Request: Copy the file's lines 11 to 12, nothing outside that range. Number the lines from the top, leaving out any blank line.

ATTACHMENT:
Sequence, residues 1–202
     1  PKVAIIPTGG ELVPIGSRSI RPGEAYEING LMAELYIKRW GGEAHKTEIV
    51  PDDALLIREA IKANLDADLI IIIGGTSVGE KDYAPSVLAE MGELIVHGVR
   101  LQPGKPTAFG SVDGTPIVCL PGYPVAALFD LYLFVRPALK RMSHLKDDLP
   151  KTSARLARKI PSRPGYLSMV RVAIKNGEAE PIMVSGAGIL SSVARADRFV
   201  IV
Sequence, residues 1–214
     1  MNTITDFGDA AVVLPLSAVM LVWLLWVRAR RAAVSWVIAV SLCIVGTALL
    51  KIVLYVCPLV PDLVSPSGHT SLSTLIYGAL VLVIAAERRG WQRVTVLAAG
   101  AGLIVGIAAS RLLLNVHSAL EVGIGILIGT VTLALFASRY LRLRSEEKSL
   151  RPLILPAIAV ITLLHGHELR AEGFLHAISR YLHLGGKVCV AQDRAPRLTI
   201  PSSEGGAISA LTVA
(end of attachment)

   151  RPLILPAIAV ITLLHGHELR AEGFLHAISR YLHLGGKVCV AQDRAPRLTI
   201  PSSEGGAISA LTVA